Team Foundation Server offers many services out of box. Source Control, Build Automation and Work Item Tracking are the three foundation services that generate data. Any action that happens related to these services either creates a new record in the database of TFS or updates an existing record. Services of Reporting and Team Portal consume that generated data to give us excellent reports and provides visibility to those reports along with other collaborative features of SharePoint. All these services are tied together with the Integration Service. Integrated set of services is the unique offering of TFS which had made it one of the top Application Lifecycle Management provider world over.
These out of box features support almost any requirement related to the Application Lifecycle Managements (ALM) of any organization. In such a case why do we need to extend the services of TFS? The need arises from the expectation of organizations to implement their own processes through TFS rather than adhering to the process that is provided out of the box. It also arises from a larger requirement of every organization to automate process that will then become more productive and will also result in higher quality of the software that they are building.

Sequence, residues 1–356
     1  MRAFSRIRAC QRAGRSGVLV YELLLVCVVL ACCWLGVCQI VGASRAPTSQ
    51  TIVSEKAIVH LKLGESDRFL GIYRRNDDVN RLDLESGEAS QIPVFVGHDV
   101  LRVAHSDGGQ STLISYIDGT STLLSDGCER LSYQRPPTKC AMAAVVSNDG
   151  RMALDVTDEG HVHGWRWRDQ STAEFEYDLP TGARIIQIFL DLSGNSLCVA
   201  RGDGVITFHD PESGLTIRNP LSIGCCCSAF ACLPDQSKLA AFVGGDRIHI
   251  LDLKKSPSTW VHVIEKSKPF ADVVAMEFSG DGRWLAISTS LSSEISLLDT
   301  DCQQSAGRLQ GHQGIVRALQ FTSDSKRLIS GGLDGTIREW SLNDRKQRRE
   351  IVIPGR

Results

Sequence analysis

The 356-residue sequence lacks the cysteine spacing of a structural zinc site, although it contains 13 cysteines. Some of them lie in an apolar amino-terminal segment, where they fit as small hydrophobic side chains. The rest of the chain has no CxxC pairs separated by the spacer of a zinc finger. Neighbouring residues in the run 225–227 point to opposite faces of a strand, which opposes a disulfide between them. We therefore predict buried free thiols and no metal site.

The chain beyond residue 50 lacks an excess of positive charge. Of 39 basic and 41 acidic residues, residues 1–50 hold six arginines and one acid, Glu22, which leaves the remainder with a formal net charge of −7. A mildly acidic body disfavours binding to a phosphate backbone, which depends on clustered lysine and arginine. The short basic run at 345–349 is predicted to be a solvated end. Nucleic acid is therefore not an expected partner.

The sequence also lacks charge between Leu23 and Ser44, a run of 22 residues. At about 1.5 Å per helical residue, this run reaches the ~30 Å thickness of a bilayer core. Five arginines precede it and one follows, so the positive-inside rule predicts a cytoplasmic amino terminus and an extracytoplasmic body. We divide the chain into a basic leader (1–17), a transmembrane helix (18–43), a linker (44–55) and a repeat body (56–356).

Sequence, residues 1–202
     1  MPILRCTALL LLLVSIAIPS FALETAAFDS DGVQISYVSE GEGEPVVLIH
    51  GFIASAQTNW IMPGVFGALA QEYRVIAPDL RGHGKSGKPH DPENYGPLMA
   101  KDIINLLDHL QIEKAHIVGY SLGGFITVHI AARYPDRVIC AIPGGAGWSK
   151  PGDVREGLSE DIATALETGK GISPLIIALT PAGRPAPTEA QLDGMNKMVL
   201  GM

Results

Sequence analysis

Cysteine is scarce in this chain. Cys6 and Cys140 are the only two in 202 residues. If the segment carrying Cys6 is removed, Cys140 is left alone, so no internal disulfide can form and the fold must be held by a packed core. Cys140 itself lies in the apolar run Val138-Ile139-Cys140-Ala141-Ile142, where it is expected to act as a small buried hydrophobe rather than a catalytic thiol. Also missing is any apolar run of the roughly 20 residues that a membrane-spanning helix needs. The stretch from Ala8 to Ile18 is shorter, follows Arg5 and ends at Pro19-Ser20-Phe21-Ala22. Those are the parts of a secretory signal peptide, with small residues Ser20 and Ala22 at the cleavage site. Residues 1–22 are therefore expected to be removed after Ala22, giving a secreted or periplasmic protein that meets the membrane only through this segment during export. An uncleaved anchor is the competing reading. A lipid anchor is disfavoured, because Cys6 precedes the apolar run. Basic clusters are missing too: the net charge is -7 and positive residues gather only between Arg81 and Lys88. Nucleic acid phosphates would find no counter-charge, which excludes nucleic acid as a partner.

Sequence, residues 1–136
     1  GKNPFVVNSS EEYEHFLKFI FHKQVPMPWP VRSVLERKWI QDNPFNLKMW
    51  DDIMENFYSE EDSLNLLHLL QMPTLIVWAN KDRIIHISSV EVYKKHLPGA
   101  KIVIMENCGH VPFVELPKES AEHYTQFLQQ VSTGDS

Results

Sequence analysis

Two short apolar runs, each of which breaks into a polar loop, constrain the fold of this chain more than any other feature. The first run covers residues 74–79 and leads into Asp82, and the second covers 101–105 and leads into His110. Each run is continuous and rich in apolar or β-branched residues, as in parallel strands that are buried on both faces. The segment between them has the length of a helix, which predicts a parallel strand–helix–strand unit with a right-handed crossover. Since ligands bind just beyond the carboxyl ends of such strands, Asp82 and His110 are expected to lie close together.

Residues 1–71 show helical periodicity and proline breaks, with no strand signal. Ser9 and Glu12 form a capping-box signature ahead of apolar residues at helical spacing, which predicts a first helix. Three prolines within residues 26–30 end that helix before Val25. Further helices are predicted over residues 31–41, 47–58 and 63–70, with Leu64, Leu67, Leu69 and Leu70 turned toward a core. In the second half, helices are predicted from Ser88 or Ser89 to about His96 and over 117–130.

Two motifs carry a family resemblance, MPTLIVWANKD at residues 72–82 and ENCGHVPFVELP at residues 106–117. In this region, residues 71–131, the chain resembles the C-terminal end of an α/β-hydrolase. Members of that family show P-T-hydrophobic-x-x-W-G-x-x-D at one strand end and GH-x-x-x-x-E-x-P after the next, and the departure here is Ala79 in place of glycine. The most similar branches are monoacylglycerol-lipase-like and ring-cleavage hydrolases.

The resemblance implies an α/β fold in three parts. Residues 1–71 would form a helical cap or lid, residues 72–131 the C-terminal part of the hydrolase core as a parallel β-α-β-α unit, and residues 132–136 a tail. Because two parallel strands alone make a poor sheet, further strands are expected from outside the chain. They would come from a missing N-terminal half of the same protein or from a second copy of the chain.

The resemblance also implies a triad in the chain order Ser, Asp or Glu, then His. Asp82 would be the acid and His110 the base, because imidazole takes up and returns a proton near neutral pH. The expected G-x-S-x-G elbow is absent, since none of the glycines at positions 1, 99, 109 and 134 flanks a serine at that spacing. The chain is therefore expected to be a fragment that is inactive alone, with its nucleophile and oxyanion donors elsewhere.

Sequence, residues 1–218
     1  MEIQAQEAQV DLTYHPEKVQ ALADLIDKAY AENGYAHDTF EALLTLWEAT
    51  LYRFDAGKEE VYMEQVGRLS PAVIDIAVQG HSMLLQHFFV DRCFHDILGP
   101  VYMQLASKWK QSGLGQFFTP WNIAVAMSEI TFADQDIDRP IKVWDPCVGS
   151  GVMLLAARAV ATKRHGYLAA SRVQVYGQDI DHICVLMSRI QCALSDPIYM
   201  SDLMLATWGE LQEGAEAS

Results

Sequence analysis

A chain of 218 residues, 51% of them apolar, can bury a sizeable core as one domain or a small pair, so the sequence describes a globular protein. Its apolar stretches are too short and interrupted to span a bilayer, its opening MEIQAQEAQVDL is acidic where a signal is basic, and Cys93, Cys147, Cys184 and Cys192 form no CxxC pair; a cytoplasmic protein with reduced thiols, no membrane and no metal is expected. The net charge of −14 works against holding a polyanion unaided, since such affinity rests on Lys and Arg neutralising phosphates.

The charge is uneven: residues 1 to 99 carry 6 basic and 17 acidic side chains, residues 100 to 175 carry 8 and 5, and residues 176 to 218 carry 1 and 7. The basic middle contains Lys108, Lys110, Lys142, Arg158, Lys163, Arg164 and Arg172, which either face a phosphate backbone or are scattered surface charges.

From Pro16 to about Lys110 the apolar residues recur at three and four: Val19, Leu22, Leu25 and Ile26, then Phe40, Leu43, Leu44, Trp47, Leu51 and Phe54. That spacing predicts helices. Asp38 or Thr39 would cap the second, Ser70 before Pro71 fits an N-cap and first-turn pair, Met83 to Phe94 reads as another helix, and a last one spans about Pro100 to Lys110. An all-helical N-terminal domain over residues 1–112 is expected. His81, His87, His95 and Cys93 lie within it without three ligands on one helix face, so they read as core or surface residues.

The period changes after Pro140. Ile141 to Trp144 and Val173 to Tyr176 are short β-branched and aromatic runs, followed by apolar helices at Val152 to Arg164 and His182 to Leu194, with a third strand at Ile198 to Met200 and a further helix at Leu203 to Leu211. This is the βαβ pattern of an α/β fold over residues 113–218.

Let me explain these with some examples.
Example 1: Organization ‘A’ wants that as soon as a team project is created, there should be a certain structure of iterations and areas created, certain work items with fixed title should be added and those should be assigned in specific iterations and areas, that are already created. Off course somebody can do this task manually. For example Team Lead can be given a task that fulfills that organizational requirement of process. But doing it manually is to open a chance of omissions and commissions. The team lead may not be available to do it after the project is created and before the structure is required. Team lead also may commit an error while doing that task leading to improper implementation of process.